Feb. 1 (Bloomberg) -- China added more cars last year than the total number plying its roads in 1999, illustrating the challenges the government faces in controlling vehicular emissions and traffic congestion in its cities.
The vehicle population reached 240 million last year, of which 120 million were passenger cars, according to a statement by the Ministry of Public Security on its website. The 15.1 million new cars added last year were more than the entire car population at the end of 1999, the ministry said.
Sales of new vehicles are forecast to top 20 million this year for the first time, as growth rebounds in the world’s second-largest economy. Beijing implemented vehicle emission standards today that match the strictest European guidelines in an attempt to cut down on pollutants as toxic smog engulfed the capital for much of the past month.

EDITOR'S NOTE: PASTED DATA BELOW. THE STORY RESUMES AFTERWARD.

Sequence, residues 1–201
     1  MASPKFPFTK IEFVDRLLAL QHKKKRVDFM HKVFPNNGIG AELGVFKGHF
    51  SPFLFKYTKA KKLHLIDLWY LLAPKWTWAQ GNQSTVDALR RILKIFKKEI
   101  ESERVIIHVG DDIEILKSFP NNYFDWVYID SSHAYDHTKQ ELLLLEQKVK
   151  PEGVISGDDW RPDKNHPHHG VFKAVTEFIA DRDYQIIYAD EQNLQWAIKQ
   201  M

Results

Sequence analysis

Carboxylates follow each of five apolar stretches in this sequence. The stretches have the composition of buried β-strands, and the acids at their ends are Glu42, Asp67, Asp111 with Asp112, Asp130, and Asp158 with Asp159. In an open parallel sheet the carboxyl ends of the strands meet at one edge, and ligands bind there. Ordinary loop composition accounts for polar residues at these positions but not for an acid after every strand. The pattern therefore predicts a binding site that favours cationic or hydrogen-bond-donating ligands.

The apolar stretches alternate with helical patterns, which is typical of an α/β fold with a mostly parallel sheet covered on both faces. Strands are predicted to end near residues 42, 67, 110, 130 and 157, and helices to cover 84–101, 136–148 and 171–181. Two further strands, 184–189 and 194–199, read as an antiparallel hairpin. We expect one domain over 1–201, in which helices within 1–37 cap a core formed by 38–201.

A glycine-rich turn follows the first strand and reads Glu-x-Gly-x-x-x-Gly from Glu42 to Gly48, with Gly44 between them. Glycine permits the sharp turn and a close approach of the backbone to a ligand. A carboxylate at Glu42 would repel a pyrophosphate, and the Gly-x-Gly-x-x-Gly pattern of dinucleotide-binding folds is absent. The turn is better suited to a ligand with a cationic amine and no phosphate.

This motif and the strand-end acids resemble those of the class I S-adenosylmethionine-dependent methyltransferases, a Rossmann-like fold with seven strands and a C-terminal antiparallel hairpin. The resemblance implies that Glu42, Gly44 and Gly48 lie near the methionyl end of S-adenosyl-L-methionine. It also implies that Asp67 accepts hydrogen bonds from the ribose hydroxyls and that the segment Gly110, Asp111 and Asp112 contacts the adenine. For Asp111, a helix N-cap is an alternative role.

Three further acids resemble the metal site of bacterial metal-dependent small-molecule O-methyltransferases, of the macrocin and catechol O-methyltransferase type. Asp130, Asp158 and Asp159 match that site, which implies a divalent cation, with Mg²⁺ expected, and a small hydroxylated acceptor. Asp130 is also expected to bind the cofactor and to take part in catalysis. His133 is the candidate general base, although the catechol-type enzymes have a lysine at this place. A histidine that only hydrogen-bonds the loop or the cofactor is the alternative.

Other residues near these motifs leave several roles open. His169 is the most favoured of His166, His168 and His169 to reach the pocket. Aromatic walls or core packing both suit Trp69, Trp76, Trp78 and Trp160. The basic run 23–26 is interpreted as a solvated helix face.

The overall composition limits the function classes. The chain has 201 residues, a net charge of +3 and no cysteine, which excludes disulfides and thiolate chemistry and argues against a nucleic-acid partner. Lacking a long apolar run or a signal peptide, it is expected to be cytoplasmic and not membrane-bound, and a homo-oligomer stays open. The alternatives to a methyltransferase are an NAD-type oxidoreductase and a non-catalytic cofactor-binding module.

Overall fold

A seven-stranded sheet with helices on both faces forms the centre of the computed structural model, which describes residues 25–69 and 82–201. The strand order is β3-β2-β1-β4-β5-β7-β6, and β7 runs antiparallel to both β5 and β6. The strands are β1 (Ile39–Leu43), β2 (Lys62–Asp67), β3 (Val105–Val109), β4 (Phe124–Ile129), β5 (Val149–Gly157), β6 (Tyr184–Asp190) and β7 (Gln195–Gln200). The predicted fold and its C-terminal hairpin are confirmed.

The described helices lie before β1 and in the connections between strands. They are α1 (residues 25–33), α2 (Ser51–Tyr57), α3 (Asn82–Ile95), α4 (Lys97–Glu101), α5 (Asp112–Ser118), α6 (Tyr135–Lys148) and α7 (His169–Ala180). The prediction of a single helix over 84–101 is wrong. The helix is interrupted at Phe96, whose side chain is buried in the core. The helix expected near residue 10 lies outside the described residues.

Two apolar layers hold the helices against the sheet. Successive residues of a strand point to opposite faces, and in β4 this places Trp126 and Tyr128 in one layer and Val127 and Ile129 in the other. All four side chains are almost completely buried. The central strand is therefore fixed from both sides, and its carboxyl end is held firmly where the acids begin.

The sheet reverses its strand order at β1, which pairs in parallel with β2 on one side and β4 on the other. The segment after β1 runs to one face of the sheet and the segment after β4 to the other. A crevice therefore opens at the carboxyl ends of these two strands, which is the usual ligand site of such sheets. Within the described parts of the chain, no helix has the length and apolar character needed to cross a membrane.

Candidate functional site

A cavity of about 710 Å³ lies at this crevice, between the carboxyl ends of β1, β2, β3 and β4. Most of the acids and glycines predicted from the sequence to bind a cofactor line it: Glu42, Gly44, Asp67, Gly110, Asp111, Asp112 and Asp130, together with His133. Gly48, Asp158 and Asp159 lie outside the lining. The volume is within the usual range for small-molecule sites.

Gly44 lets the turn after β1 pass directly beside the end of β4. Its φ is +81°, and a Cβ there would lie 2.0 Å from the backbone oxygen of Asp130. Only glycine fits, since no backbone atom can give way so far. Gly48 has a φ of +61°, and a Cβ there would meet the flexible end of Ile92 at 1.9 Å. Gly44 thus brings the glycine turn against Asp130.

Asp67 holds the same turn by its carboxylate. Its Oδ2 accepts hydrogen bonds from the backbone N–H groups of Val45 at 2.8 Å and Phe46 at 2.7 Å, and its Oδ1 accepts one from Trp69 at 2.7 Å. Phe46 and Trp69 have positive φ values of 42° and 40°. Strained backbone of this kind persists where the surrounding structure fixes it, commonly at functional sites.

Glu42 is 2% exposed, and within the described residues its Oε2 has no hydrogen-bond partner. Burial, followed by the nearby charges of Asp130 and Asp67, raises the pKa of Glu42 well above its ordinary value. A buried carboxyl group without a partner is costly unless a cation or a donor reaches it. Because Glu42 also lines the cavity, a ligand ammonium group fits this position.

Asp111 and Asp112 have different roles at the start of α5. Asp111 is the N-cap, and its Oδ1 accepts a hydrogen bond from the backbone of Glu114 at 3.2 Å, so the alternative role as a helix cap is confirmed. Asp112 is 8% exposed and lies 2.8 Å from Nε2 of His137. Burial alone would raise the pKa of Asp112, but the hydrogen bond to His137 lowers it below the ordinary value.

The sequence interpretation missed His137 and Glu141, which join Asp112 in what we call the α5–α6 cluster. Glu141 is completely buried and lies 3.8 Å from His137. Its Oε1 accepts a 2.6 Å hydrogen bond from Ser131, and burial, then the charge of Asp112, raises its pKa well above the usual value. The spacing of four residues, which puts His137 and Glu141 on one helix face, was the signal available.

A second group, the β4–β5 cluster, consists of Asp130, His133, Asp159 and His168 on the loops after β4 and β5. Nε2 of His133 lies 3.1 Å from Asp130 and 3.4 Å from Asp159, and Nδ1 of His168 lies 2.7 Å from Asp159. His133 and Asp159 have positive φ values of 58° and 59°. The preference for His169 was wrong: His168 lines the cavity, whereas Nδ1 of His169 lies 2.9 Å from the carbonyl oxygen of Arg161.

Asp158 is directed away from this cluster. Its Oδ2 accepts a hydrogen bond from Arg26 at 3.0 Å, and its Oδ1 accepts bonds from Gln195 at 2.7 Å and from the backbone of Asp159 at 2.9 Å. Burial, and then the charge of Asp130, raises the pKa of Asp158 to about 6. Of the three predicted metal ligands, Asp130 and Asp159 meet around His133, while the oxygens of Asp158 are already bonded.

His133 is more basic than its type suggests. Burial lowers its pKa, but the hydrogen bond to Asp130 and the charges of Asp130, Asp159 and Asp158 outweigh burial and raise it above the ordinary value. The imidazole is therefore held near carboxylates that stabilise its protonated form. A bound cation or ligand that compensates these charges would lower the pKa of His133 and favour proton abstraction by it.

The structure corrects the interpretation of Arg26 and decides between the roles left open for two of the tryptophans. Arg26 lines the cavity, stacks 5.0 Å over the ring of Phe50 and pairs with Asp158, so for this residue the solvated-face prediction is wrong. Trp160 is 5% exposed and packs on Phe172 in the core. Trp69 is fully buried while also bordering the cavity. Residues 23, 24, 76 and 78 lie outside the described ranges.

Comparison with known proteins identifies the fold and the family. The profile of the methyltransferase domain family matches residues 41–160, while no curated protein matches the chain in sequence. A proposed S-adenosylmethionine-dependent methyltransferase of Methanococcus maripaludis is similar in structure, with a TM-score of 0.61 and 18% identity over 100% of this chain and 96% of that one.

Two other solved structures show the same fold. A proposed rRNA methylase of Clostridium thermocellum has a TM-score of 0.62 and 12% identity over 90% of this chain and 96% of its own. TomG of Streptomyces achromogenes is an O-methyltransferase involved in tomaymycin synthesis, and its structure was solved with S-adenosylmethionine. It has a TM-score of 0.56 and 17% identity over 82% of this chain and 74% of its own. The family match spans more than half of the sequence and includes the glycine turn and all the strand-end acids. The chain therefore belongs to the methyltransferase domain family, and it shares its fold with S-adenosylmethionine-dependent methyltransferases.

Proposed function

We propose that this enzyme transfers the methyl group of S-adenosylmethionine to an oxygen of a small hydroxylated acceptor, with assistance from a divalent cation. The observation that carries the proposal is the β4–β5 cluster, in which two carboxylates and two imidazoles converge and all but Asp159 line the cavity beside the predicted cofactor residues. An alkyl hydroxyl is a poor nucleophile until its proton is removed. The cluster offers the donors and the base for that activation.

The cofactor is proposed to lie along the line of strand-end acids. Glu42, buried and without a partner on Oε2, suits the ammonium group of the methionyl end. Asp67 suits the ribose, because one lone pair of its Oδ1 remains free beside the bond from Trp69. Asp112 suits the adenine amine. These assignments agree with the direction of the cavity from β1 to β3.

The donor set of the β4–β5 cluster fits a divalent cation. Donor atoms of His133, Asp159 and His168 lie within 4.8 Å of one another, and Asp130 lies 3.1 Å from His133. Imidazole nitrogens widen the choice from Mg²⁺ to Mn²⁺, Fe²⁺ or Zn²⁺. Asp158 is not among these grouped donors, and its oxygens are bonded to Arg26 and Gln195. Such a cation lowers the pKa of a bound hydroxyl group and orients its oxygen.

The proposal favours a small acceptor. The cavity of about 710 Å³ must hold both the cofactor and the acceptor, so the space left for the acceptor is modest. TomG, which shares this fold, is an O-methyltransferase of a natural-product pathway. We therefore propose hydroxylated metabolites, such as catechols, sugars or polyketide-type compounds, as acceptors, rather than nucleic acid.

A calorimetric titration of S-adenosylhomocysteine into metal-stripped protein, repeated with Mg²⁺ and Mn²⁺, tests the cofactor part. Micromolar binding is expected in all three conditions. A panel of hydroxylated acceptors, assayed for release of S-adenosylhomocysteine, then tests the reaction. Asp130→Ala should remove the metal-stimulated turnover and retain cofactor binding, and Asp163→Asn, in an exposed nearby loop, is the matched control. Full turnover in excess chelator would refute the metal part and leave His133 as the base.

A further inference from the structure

U.S. embassy readings showed air quality in Beijing reached “hazardous” levels on 20 days in January.
Demand for vehicles will be supported by the number of first-time drivers, which reached 26.5 million. That alone was higher than the total number of motorists in 1997 and helped boost the entire driving population to 260 million last year, the ministry said.
Car ownership exceeded one million in 18 Chinese cities, according to the ministry.
Passenger-vehicle sales this year may climb 8.5 percent to about 16.8 million units, as the total number of vehicles sold surpass 20 million for the first time, according to the state-backed China Association of Automobile Manufacturers.
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